A new study says that videogames like Grand Theft Auto that encourage reckless driving may make it more likely that one would drive recklessly in the real world.
Jun 16, 2010 The Christian Science Monitor
Americans are driving fewer miles than they were a year ago, despite an improving economy. Some say the American demand for oil will be low throughout the rest of this year.
May 27, 2010 USA Today
In a recent piece in Wired, Clive Thompson suggests that the solution to the problem of texting while driving is not to stop texting, but to stop driving. The popularity of texting is a good reason to support public transit.
Mar 17, 2010 Wired Magazine
After more than two years of declines in American driving patterns, the amount of driving seems to be on the rise.
Feb 26, 2010 USA Today
<em>The New York Times</em> reviews a new book about driving in China, and how the vastly expanding roadways are changing the Chinese way of life from the farms to the cities.
Feb 25, 2010 The New York Times
In this survey, drivers 'fess up to twelve distracting things they do while driving; and some are even more distracting than texting.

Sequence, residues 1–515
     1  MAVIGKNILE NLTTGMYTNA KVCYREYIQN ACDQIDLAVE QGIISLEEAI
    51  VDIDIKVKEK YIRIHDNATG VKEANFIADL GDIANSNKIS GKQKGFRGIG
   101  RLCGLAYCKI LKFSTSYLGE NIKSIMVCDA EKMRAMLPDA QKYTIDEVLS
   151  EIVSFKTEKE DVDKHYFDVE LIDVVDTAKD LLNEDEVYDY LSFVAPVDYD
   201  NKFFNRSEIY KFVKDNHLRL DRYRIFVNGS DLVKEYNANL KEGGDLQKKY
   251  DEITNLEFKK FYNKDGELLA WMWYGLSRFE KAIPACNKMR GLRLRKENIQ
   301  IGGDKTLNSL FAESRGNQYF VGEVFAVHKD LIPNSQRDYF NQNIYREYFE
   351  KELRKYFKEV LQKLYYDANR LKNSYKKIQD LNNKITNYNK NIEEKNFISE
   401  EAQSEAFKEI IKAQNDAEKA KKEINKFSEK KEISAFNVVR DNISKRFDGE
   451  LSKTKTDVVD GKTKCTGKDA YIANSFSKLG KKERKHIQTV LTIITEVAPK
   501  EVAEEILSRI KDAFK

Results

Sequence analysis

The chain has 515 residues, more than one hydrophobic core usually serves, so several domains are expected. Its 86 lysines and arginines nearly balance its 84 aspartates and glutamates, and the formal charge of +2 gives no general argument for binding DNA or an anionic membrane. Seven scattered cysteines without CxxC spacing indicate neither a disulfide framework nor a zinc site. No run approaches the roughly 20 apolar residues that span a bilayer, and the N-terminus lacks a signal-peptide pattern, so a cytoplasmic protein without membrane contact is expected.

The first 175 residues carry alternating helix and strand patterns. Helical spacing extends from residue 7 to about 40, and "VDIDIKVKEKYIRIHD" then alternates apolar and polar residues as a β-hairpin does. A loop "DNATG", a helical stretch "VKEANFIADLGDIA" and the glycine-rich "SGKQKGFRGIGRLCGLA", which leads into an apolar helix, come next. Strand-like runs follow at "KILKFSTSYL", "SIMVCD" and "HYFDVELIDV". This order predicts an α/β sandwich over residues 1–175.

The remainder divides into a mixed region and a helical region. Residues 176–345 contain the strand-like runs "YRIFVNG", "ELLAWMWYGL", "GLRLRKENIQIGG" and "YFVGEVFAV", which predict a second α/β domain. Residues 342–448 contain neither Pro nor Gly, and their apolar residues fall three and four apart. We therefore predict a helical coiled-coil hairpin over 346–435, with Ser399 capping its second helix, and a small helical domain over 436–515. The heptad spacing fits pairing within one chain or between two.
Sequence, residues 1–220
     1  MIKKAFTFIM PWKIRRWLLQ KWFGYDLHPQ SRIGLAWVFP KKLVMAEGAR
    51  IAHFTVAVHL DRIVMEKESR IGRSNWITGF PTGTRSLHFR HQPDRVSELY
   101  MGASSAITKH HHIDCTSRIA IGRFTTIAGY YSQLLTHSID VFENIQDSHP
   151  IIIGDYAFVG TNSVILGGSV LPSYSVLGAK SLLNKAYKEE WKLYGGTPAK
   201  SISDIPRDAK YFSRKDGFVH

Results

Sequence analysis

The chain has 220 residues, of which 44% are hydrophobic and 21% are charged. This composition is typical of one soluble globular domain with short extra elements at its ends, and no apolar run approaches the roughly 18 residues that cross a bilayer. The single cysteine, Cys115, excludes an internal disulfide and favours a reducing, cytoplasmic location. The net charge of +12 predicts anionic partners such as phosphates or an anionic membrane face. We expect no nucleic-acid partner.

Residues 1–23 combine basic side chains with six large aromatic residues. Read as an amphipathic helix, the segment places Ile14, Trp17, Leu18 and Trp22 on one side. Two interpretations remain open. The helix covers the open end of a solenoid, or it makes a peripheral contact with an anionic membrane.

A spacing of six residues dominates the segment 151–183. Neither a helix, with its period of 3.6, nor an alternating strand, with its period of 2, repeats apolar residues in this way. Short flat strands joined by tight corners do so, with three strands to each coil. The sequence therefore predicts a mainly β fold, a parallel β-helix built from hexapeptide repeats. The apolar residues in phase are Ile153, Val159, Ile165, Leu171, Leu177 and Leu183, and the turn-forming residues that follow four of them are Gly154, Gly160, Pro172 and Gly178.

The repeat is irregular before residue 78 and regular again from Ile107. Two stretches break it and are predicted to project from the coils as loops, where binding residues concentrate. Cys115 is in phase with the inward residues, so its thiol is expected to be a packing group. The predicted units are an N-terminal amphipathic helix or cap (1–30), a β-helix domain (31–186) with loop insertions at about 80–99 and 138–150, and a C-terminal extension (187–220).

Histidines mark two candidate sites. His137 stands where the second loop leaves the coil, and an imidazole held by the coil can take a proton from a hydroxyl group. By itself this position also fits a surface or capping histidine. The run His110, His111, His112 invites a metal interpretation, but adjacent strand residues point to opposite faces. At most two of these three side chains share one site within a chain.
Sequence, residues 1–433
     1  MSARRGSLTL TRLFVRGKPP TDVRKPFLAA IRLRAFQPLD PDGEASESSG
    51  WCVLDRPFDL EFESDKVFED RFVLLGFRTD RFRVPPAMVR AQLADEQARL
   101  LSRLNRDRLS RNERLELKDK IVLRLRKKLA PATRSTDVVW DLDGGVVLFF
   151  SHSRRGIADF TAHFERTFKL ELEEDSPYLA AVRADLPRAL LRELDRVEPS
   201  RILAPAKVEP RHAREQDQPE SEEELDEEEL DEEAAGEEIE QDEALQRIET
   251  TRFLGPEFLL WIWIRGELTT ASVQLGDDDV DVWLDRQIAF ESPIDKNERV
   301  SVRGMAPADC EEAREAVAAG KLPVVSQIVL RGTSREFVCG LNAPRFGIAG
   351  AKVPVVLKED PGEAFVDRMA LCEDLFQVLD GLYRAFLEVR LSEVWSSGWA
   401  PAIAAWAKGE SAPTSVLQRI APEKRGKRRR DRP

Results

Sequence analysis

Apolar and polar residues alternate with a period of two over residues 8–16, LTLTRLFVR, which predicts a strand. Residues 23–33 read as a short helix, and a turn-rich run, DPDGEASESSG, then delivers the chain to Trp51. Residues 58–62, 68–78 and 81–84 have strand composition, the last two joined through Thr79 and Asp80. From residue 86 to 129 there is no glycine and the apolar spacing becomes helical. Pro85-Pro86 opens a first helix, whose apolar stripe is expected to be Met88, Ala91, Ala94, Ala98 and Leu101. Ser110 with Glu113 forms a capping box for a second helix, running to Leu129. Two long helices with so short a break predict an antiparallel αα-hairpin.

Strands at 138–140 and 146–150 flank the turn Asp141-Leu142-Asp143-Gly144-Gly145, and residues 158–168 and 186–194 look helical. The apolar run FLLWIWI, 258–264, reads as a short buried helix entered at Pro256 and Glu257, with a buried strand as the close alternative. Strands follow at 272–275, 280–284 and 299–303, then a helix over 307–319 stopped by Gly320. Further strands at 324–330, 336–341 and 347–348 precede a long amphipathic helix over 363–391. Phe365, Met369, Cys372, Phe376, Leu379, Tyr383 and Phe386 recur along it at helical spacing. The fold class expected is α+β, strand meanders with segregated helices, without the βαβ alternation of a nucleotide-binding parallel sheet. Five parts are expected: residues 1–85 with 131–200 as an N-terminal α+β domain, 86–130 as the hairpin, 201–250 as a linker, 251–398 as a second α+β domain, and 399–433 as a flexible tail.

Oct 8, 2009 The Chicago Tribune
Traffic is essentially "an engineering issue," says author Tom Vanderbilt. "But there's also a layer of culture."
That layer of culture determines, to a large extent, how traffic can become a problem. This idea is explored in Vanderbilt's 2008 book Traffic: Why We Drive the Way We Do (and What It Says About Us), a Planetizen Top Book of the year. He recently expanded on that idea for a discussion about traffic put on by Zocalo Public Square in (where better?) Los Angeles.
Sep 18, 2009 By
Samoa is readying itself for a countrywide transition that is shaking up the island country's roughly 200,000 people. Beginning September 7th, Samoans will be required to drive on the left side of the road.
Aug 26, 2009 The Wall Street Journal
Leaders in Arlington, Texas, near Dallas, are studying how to reduce pollution generated by idling cars at drive-thru windows.
Feb 20, 2009 NBC DFW
In an effort to improve gas mileage, 400 drivers in Denver participated in an experiment that tracked and reported the bad driving habits -- idling, rapid accelerating and braking -- that waste fuel. Faced with the data, driving habits have changed.
Feb 3, 2009 Los Angeles Times